2. The Localism Bill appears to have been designed for Tory voting rural areas that have long established Parish Councils.

    In some ways I can’t see the point of neighbourhood plans in cities. How much detail can you plan for? Most Council plans contain general policy goals/site allocations and developers often have their own visions of sites that can be judged in a planning application. If the people of Bermondsey want green retrofit buildings or a film festival they can do it now without planning permission, why wait for a plan to be drawn up?

    Surely a neighbourhood plan would be of most use in a rural area where a Parish Council wants to stop new wind turbines, housing, infrastructure etc.

    Sorry for being negative, perhaps I have missed something.

  3. For me, the crux of the Big Society is contained in one statement from Chris: “We have huge numbers of amazing people in this neighbourhood and many of them would be happy to use their time and energy in a more formal and democratically elected structure.” Brilliant – the community working together to achieve what’s best for their social, economic and environmental circumstances and well being. Just one problem with that – what happens in deprived neighbourhoods where there simply isn’t that level of interest or aspiration? It seems that there are two possible outcomes. One is that the Local Authority will be stymied and unable to implement anything because of a lack of neighbourhood support. The other is that Local Authorities will implement in these areas whatever they can’t implement elsewhere because other communities are more vocal, organised and understanding of their power and the processes to use it. Either way the deprived community is the loser. The fundamental role of the community in delivering the Big Society is crucial and could produce fantastic, well thought out and desired results with many beneficiaries – but I can’t help thinking that it’s a bit of a pipe dream that just won’t happen in reality. Please – someone tell me I’m wrong?!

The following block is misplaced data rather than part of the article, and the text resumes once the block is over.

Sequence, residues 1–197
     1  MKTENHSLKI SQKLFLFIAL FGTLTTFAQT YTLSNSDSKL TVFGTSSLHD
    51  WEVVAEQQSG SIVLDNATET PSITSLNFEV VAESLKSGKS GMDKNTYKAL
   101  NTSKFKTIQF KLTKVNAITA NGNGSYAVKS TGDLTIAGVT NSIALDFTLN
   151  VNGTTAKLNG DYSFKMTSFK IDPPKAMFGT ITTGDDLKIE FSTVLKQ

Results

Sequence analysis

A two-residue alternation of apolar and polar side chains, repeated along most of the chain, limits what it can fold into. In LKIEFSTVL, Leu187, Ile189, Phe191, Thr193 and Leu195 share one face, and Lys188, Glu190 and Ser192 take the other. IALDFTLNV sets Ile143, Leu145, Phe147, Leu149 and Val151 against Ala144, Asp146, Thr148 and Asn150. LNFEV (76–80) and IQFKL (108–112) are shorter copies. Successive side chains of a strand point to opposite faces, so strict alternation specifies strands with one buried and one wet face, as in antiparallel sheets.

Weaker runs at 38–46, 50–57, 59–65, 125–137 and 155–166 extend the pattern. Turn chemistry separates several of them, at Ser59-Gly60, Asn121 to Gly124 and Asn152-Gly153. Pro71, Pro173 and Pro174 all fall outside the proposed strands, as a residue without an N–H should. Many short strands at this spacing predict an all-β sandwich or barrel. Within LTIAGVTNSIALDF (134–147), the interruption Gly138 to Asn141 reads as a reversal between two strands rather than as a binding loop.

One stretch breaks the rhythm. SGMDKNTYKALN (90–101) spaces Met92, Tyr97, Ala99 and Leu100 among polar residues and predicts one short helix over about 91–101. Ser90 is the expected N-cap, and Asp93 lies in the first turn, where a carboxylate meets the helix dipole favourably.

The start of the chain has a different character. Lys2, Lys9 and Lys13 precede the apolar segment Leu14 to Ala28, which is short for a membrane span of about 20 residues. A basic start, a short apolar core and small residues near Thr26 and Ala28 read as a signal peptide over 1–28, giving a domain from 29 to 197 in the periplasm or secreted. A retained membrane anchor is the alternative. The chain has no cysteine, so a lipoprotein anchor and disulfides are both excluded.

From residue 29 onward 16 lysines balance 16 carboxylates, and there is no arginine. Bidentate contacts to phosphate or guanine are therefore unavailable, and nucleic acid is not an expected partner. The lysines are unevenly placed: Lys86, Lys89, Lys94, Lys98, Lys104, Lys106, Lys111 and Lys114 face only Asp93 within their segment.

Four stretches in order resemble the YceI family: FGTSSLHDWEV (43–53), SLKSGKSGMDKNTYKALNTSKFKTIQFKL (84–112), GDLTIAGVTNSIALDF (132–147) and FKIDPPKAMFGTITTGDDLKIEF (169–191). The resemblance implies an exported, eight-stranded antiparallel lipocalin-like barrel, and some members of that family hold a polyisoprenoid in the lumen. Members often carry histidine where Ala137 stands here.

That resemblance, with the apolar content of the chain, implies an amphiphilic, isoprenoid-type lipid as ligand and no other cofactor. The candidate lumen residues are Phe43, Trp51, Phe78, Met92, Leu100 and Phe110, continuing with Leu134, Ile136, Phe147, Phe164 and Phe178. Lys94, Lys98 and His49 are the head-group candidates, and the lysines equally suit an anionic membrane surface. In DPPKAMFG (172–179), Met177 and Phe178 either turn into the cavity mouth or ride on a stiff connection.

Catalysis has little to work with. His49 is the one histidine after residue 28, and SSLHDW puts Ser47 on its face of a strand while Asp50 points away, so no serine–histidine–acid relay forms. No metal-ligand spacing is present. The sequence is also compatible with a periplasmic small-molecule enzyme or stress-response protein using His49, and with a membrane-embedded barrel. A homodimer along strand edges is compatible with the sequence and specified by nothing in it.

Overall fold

• Trouble is, Tina, you’re absolutely right! The theory sounds good, but….. It’s just like local comprehensive schools – great for those in a prosperous community, but not for those in deprived ones. And the Local Authority might be forced to spend money on the vocal areas, thus neglecting neighbourhoods which don’t have the time, energy or ability to organise themselves. We need our elected representatives to look after the whole area and bring it all up to a high standard. How can we force them to do that?

  4. I agree with Tina, and it sounds like this proposal is aimed at creating an enclave which includes the wealthy and gentrified parts of the area and excludes as much as possible the deprived areas and leaves them to Bermondsey Community Council and Southwark Council. The Community Council is actually very good – “it just doesn’t seem fit for this new purpose” looks like a polite way of saying it involves rather too many poor people.

  5. What’s the difference between nimbyism and localism? *Your* nimbyism; *my* localism?

  6. Maybe it’s not such a bad thing that there’s a big volume of opportunity of aspects of public life for people to choose/not to get involved in. In theory it gives people a chance to decide what to prioritize. What needs to be guarded against though – which may be what you are getting at – is serried ranks of ‘facilitators’/’organizers’/outreach workers looking to achieve their targets; could = suffocation or a new contagion of paralysing partnership-itis.

    Sure you know it but the development of a Parish Council in Paddington, West London seems to be a space worth watching. http://bit.ly/l01Rue

  7. […] the time and energy to help support and deliver these initiatives seems pretty fundamental…..read on on his blog page Share and Enjoy: This entry was posted in Uncategorized. Bookmark the permalink. ← […]

  8. […] interesting document references Neighbourhood Forums and makes the sensible suggestion, debated here previously, that they could develop into democratically accountable neighbourhood councils with a […]